Along with Mijic, and friends that came for the rescue, such as ex-guitarist / keyboardist Bob Katsionis, and vocalist Henning Basse, you were able to complete the next in line Serious Black album, “Vengeance Is Mine”. On a personal note, once it was done, did it feel like a huge rock fell from your heart? Did you have doubts about the album’s completion earlier on?

Well, the withdrawal of our former singer didn’t come too early. We didn’t want to lose any time as we couldn’t know when we would find a proper replacement. On top there is absolutely no guarantee that a good front guy is a good writer, too. Anyway, the main concepts for the stories that the lyrics should tell about were set. So, we began to write the words ourselves to the already finalized music. Here I have to mention that Bob wrote a good amount of the music on “Vengeance” but couldn’t find time then to join us for the video and photo shootings. Next to creating most of the keyboard lines and orchestral stuff he also played some rhythm, lead and solo guitars and additional bass, too.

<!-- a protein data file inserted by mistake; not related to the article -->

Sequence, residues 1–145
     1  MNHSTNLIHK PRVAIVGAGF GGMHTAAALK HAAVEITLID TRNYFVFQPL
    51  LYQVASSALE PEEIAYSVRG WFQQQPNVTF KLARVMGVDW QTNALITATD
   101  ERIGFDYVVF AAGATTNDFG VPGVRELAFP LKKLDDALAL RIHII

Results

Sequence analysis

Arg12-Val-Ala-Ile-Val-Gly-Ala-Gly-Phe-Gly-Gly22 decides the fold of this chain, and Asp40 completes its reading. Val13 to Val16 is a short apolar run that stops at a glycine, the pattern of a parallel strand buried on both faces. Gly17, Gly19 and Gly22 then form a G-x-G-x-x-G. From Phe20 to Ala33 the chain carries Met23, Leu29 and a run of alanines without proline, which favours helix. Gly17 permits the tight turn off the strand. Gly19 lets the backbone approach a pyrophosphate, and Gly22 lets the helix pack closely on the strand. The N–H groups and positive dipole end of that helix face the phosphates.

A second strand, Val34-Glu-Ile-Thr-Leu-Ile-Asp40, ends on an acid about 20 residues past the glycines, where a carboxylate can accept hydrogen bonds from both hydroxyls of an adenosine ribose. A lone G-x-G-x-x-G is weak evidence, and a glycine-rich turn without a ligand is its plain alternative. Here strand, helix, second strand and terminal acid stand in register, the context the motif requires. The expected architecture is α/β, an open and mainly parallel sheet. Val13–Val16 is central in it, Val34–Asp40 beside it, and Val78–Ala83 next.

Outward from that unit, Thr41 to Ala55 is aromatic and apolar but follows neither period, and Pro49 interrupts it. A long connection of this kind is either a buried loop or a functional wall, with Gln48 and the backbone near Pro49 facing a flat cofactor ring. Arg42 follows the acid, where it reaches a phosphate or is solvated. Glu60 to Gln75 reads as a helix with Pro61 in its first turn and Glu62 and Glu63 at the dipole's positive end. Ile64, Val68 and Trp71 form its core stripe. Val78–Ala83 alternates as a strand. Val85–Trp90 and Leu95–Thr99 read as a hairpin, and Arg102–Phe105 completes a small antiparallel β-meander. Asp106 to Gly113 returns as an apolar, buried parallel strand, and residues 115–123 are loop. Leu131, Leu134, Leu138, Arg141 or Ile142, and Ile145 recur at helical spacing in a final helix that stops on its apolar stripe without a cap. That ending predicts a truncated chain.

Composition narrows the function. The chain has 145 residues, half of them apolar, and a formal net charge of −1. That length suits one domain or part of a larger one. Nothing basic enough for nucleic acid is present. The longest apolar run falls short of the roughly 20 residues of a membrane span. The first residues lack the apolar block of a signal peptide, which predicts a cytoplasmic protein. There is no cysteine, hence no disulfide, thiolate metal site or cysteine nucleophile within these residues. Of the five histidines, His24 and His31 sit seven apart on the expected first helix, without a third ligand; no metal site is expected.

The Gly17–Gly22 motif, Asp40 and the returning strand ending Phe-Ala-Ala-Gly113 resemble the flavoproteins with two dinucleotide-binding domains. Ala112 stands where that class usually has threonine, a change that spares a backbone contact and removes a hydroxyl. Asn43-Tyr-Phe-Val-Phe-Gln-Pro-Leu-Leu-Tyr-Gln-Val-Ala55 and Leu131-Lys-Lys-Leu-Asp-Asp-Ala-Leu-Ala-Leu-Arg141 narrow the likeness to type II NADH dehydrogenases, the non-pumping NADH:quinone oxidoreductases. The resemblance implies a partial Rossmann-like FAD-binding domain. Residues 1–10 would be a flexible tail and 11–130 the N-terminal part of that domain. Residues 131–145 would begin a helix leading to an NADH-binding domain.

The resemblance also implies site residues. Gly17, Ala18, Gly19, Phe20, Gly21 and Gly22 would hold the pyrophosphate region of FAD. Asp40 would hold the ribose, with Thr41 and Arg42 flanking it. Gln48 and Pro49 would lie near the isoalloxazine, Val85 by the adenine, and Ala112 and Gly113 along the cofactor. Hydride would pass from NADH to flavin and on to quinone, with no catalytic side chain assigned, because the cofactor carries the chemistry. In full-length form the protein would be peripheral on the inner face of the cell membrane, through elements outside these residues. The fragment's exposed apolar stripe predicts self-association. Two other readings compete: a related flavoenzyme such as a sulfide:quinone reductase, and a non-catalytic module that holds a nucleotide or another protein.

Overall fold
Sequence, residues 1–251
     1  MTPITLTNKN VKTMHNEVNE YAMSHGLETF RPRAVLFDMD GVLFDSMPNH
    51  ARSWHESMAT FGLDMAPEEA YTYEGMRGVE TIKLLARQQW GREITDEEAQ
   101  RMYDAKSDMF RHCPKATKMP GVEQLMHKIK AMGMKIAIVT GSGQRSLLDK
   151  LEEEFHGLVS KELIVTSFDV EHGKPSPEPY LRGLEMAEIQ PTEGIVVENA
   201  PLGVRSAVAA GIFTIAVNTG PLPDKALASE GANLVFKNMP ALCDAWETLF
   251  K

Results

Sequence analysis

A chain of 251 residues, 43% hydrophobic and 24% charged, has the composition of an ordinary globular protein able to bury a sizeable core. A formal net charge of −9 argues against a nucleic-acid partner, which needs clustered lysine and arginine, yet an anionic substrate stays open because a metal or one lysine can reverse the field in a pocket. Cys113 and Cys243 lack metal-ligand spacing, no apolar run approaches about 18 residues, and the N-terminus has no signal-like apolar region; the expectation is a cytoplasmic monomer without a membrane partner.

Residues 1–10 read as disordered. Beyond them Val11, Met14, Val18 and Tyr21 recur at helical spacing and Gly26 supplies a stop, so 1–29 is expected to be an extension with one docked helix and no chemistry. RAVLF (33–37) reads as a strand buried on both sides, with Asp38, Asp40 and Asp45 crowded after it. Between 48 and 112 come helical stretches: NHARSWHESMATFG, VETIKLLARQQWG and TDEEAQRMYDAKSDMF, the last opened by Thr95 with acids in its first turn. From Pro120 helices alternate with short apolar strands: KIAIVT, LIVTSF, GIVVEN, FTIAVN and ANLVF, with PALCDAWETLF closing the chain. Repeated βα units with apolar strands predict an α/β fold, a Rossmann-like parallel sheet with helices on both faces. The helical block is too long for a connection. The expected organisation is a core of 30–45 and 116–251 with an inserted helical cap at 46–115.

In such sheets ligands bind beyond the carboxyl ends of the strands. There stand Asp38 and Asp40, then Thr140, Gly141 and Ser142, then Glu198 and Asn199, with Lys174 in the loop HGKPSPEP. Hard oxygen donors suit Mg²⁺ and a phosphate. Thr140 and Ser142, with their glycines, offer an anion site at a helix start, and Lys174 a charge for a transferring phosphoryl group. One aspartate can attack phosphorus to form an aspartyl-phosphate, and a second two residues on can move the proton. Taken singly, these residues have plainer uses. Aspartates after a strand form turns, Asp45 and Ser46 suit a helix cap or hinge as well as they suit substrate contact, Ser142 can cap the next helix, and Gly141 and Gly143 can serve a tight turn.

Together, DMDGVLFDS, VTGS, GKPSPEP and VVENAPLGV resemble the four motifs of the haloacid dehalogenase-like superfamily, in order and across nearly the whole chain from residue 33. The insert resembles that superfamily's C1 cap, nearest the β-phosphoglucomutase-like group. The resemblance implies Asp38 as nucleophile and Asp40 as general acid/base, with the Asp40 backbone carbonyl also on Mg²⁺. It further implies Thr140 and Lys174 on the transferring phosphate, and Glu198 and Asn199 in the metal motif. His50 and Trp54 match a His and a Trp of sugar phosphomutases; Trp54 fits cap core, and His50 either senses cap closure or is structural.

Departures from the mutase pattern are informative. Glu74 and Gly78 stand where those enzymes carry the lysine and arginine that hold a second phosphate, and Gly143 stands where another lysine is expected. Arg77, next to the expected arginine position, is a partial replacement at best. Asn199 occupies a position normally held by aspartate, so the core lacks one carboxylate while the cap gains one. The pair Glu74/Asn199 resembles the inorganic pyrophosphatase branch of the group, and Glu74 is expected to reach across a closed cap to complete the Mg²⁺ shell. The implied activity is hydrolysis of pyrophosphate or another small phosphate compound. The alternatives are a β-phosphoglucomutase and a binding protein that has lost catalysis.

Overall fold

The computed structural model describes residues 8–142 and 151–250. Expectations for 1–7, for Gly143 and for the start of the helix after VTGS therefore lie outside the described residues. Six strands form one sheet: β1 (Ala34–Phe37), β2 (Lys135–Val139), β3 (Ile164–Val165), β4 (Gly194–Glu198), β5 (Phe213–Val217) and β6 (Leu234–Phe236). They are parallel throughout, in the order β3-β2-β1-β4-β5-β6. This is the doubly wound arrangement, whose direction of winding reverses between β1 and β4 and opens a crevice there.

Henning was really a great help for us in finding the right vocal lines and also words to some songs. He also gave us great feedback on others.

There was no doubt at any time that we wouldn’t finish the album in time, but we all were relieved for sure when it was done. We had the feeling that we have created something special.

Talking about the title, you picked a powerful one indeed. It bears a lot with it, in particular since you put yourself as sort of background to the album. How do you connect between the title and the stories that are being told on the record?

In the centre of the concept of vengeance it tells about Mario’s relationship of the past few years. He treated her like a princess, did everything for her and helped her out of the shit. It all seemed harmonic and perfect – for outsiders, sometimes maybe too perfect. Then, suddenly, when he just asked for a little give and take, she dropped him like a hot potato from one day to the other and told lies about him and his surroundings. It is so sad how one can be wrong about someone. Our last single “Out Of The Ashes” tells most of the main story. Watch the video we did for it!